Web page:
– stormy
    Commented Mar 7, 2018 at 1:38
  • Not 8' with no soil. We've never done that. But 8' wrapped is fairly common. East end of long island.
    – That Idiot
    Commented Mar 7, 2018 at 1:43
  • This tree should be moved by the company you used. This bare root thing just screams high risk. High high high risk. For a 12 inch caliper? Your answer to Sue was perfect. I'd forgotten the 1' above the crown rule. Excellent. Are you not able to use this company that you have used before with excellent results? What is that company's insurance coverage...warranty? Bare root makes no sense at all to me for this tree.
    – stormy
    Commented Mar 7, 2018 at 1:45
  • You are talking about 'balled and burlapped'...B&B. NOT at all bare root. My voluminous essay is just how to make that root ball more successful after transplanting. Low risk. There are potted trees, B&B trees and bareroot...like 'roses'? Yours is not a potted tree, nor a B&B tree and it should NEVER become a bare root tree. It is a matured tree and root system with its own little soil and environmental ecosystem. To change that for a matured tree is a big deal for the survival of the tree.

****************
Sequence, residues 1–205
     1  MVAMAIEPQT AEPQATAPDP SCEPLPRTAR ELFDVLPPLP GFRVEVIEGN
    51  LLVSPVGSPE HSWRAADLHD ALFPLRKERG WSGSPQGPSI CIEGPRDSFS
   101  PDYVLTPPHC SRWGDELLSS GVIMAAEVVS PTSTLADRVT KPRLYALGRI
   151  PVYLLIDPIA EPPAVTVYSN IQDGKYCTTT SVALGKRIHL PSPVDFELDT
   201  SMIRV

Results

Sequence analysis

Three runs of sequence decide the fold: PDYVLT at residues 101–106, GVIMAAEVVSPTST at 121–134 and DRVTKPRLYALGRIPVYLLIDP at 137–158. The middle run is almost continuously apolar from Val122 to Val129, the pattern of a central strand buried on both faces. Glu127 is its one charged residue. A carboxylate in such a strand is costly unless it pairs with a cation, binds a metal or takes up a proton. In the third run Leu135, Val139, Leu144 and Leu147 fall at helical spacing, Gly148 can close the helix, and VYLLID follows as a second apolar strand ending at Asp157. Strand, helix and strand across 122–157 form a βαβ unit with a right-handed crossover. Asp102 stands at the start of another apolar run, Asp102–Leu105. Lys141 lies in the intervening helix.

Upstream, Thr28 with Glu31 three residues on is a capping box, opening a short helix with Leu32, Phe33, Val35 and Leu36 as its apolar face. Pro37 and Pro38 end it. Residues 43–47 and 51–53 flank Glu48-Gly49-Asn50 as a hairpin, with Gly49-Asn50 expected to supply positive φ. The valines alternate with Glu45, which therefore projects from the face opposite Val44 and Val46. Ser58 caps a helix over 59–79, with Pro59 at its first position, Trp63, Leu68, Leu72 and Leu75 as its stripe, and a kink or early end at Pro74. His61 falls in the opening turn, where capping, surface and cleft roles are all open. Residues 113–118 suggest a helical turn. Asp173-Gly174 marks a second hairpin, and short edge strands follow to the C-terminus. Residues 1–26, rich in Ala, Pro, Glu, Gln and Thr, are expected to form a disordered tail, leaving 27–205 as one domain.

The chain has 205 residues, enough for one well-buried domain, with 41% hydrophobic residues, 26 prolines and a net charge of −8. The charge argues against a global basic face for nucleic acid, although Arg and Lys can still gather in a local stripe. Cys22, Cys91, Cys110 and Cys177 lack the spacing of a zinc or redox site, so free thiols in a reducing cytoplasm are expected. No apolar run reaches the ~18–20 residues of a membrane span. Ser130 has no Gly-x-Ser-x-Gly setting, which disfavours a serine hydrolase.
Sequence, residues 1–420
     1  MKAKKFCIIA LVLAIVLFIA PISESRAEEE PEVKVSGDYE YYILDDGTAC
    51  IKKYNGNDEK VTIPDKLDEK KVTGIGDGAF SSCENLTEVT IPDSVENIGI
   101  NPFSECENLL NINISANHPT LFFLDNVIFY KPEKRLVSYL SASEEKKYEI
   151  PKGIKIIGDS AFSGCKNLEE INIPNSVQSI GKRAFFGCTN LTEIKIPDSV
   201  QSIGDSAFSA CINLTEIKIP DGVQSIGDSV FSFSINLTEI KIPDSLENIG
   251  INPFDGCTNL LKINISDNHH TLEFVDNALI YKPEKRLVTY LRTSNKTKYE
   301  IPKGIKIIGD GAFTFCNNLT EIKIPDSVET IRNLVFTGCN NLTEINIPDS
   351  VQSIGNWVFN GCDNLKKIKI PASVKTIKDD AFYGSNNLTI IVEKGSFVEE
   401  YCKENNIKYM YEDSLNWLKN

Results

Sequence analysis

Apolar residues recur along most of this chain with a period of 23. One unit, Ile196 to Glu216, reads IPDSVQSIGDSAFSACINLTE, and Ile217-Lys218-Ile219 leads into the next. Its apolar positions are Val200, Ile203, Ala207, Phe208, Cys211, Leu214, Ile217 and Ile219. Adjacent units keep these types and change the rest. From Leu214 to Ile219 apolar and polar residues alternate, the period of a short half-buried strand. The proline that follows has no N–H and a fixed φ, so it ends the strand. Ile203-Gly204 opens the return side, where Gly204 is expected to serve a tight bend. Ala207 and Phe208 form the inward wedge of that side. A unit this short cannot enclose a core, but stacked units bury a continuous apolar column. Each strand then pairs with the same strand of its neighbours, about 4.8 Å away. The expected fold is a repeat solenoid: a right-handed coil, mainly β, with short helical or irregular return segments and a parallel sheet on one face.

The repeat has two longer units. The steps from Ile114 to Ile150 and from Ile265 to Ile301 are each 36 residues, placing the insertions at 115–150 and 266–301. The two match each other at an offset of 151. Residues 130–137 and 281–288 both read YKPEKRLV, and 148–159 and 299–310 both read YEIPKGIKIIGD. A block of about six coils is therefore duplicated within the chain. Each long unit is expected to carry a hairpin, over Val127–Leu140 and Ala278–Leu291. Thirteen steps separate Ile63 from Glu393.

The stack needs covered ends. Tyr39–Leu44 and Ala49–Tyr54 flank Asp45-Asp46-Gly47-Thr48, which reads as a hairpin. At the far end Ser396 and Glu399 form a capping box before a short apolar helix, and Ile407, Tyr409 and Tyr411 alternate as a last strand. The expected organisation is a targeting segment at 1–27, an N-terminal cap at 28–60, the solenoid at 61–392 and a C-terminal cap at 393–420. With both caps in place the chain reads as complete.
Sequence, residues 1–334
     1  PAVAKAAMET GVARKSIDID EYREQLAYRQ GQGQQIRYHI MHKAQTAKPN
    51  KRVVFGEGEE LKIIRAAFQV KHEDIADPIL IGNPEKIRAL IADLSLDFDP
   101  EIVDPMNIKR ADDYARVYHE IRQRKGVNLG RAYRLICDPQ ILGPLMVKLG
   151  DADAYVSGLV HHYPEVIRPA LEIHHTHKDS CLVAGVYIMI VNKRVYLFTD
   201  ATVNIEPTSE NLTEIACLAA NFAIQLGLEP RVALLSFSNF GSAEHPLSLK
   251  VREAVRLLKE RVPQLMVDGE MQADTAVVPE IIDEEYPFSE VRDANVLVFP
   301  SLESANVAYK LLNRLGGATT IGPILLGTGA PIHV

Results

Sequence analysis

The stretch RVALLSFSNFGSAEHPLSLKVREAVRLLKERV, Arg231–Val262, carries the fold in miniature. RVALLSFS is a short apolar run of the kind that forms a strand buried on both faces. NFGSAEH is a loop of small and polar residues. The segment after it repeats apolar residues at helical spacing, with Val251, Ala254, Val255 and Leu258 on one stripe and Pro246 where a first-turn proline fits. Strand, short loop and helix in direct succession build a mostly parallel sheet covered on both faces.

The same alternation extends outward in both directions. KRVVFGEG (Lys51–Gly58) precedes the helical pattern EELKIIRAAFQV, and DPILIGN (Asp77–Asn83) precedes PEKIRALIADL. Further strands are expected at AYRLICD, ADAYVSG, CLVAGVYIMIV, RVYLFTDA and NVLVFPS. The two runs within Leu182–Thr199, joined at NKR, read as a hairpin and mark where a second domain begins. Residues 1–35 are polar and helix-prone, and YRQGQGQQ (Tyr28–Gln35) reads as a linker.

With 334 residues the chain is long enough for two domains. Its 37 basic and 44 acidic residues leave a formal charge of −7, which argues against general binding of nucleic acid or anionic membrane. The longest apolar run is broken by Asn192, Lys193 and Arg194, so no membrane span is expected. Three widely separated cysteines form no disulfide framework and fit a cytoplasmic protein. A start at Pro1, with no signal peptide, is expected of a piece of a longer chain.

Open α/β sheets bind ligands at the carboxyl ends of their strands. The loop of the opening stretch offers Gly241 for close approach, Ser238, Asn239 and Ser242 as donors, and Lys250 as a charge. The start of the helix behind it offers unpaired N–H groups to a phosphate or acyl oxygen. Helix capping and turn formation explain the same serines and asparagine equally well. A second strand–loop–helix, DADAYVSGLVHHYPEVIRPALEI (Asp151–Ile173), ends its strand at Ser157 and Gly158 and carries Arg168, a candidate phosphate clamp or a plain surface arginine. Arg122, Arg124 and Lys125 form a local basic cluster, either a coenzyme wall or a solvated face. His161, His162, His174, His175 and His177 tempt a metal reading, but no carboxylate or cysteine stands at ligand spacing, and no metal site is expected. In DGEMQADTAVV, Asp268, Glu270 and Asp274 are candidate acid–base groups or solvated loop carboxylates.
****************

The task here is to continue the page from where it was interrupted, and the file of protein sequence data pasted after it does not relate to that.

– stormy
    Commented Mar 7, 2018 at 1:50

Bare rooting large trees is a new thing that came along with air spades. There is very little to be found on it, I mean it’s realy new. I’ve seen pics of trees in the 12” range air spaded out but NOT left bare. Right after cleaning off the soil, the roots are wrapped and wet. Then very carefully the tree is moved to its new home. Obviously this is not something a home owner can do, also I’m sure ripping a 12” cal. tree out of the ground is NOT what the original question meant.